Archive for Wednesday, December 11, 2002

Budget turf

December 11, 2002


Cooperation seems to be a rare commodity in the state's current budget crisis.

If the Kansas Department of Administration's attitude is typical of other state agencies, a cooperative approach to the state's financial problems may be difficult to achieve.

State Sen. Janis Lee, D-Kensington, has called to public attention a tactic being employed by the Department of Administration to try to shore up its own budget by indirectly dipping into other departmental budgets. The department provides a basic 40-hour supervisory training course that some other state agencies require for employees who are going into supervisory positions.

The course used to cost $95, but in the last few months, the price has been going up, first to $295, then to $595 and finally to $795. That's an increase of almost 800 percent since August. Not coincidentally, August also is when Gov. Bill Graves announced across-the-board budget cuts for state agencies.

Department of Administration officials defended the inflated price of the training program, saying it was necessary to offset the governor's budget cuts and pay the expenses of the program. Providing the training, of course, costs the department something, but it's hard to imagine or justify that before the department raised its prices to $795, it was offering the same course for only $95. The logical conclusion is that the department is using the huge fees to offset budget cuts in other areas.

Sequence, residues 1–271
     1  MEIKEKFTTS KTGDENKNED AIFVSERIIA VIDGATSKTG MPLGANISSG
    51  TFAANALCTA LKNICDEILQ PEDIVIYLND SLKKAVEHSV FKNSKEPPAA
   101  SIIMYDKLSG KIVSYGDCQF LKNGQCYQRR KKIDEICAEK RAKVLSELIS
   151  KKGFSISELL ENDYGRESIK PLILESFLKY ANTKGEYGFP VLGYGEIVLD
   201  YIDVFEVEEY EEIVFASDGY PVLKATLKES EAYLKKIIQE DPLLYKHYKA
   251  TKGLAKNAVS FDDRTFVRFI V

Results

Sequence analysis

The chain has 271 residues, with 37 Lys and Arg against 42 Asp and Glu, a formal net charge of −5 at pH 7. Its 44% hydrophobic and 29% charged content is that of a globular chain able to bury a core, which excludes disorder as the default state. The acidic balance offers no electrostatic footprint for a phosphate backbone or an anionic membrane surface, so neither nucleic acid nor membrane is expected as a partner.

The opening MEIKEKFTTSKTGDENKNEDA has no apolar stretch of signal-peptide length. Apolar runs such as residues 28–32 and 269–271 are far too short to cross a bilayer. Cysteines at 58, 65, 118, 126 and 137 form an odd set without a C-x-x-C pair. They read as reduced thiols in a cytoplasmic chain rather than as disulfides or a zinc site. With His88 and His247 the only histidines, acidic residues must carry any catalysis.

This is a despicable practice on several levels. As noted by Sen. Lee, the inflated fees are a vivid example of how some bureaucrats are more interested in protecting their own turf than in working with other agencies to deal with the current budget crisis. The attitude seems to be "I'll get mine; let them worry about theirs."

The Department of Administration appears to be robbing Peter to pay Paul. Administration officials know their course is a requirement in other departments, so they have those departments over a barrel. Efforts to replace the training with something less expensive also were stonewalled by the department.

This example also illustrates what elected lawmakers are up against when they try to streamline government or "cut the fat" from the state bureaucracy. The Department of Administration is only one of dozens of state agencies taking a defensive, rather than a cooperative, posture in an effort to protect their territory and their funding.

A group of state legislators are proposing a plan that would reward Kansas school districts that cooperate with one another in an effort to streamline their administrations and save taxpayer money. Perhaps a similar program could be offered to state bureaucrats in an effort to discourage the kind of unsavory tactics the Department of Administration seems to be practicing now.

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